SOURCE: Michelson, Peter. “Armchair Revolution.” New Republic 169, nos. 4 & 5 (28 July 1973): 24-6.
[In the following review of Postwar America: 1945-1971, Michelson praises Zinn's critique of liberalism, but ultimately finds his account of postwar politics a romanticized version of events.]
If it is true, as one wit said, that a liberal is a radical with a wife and two kids, then that tells us a whole lot about the millstone around the neck of American radicalism. Picture the liberal of the last few weeks. He gets home from his ＄20,000 a year job, kisses his wife, plays ball for 10 minutes with his kids, eats dinner, and then tunes in the PBS “gavel to gavel” rebroadcast of the daily Watergate circus. Somewhat condescendingly and a little self-righteous, he watches Stans, Magruder, Dean & Co. with a faint but distinctive flutter of hope. Maybe, he thinks as he sits and sips his middling good scotch, maybe they will, maybe they can get Him. His fantasies soar: indictment? impeachment? resignation? News flash: Cambodian compromise; the President promises to abide by the Constitution, in 45 days. Thump, back down: a pack of thieves. He sits. He watches. Maybe he writes his congressman. He hopes.
What does he hope for, this right-minded man with a wife, two kids and a mortgage? Does he hope for a society of just and equitable distribution of wealth,...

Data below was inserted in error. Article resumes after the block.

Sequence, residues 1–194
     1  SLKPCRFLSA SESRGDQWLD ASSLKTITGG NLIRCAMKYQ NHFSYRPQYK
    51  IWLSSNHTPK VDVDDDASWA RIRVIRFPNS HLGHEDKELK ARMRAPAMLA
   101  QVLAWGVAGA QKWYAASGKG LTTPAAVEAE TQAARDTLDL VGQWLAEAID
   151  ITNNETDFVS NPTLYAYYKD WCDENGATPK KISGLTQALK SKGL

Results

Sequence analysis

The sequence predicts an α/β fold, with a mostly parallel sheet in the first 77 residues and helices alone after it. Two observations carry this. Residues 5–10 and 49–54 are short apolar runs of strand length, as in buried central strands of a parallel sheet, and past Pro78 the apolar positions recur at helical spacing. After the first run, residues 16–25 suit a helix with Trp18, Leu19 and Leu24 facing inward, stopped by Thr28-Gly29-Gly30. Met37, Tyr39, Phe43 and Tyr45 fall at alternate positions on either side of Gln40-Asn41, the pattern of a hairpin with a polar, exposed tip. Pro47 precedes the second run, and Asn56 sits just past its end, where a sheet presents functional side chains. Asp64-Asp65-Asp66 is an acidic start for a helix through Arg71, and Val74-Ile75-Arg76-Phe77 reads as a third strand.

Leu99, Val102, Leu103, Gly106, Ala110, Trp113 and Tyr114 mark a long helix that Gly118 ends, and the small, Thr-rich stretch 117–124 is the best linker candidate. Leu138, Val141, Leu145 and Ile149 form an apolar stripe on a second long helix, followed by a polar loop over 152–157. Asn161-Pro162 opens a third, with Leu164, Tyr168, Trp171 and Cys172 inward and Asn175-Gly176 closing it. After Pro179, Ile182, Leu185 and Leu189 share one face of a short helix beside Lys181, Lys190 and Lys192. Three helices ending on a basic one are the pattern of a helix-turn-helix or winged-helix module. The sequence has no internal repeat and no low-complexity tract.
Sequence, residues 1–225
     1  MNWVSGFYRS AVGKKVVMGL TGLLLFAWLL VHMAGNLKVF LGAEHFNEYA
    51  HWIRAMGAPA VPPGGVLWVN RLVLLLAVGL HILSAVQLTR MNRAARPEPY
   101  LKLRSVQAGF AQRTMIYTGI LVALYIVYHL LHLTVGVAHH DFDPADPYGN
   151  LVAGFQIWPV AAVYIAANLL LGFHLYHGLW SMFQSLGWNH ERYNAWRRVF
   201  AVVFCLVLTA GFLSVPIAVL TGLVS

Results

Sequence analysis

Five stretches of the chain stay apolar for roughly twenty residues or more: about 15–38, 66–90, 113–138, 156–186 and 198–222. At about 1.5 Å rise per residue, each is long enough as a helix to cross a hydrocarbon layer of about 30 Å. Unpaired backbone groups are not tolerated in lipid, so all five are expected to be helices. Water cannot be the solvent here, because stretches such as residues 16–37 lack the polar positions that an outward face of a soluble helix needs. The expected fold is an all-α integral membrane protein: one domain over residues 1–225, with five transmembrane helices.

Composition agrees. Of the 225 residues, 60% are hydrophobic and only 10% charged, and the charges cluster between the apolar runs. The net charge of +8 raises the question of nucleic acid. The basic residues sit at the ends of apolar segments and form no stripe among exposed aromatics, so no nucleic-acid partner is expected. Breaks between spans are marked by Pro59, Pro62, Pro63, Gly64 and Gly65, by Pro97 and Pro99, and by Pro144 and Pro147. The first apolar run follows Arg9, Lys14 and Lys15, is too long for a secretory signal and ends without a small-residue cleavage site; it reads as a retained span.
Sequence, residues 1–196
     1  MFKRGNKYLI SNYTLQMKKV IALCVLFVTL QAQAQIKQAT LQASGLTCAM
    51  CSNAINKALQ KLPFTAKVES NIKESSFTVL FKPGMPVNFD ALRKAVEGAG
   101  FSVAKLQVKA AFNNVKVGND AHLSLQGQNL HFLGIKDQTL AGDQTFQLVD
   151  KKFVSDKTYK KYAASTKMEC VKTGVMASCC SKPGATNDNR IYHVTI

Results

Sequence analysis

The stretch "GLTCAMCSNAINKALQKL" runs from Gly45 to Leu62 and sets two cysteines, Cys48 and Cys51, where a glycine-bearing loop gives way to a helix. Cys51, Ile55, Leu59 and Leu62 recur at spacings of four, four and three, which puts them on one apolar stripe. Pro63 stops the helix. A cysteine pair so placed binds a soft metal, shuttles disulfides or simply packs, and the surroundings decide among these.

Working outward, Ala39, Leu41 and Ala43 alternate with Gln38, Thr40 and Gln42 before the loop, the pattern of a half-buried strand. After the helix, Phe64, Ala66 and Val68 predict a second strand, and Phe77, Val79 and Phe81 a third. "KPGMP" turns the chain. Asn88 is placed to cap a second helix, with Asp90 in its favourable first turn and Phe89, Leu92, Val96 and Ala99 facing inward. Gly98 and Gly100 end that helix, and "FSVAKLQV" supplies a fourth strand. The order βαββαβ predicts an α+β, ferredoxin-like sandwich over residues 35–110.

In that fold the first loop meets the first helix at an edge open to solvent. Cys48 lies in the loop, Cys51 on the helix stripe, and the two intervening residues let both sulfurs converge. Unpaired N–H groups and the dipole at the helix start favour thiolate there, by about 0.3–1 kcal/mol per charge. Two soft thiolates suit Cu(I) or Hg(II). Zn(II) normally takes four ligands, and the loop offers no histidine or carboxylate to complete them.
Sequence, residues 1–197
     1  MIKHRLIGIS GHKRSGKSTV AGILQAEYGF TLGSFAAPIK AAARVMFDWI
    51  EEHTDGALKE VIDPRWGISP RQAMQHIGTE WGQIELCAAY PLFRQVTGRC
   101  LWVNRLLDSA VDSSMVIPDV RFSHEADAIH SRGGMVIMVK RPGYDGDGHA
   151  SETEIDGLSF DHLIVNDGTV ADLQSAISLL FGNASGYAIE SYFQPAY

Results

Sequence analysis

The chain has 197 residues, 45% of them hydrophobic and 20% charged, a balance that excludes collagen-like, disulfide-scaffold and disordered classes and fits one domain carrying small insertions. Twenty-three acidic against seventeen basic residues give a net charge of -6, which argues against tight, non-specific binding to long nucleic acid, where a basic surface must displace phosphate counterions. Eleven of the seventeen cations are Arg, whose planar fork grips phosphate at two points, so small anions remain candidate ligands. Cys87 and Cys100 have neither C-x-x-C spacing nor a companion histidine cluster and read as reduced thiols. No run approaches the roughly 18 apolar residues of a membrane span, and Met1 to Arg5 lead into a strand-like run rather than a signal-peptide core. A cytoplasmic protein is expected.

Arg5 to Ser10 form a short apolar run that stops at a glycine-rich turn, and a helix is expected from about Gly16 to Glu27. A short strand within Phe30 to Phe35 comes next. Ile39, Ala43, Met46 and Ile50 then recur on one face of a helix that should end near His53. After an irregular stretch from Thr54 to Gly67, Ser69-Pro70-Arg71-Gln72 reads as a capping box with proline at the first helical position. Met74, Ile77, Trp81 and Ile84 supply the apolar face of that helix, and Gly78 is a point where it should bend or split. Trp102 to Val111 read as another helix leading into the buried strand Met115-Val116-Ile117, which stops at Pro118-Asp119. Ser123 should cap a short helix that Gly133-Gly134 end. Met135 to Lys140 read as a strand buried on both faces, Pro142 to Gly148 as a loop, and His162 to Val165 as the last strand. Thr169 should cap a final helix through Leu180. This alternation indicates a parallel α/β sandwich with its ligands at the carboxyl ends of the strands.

(The entire section is 2134 words.)
SOURCE: Patterson, James T. Review of Postwar America: 1945-1971, by Howard Zinn. The Journal of American History 60, no. 2 (September 1973): 513-14.
[In the following review of Zinn's account of the postwar era, Patterson faults Zinn for neglecting various aspects of social and cultural history, among them issues involving women and families, religious developments, ethnic conflict, and urban problems.]
No self-respecting publishing firm these days can hold up its head unless it tries to capture the college market (students, that is) by promoting a series of short books on American history. Howard Zinn's book is part of such a series, billed as the History of American Society. The editor of this venture, Jack P. Greene, says that the volumes will “outline in broad strokes … the main thrust of American economic, social, and cultural development and the interaction between that development and American political and public life” (p. x).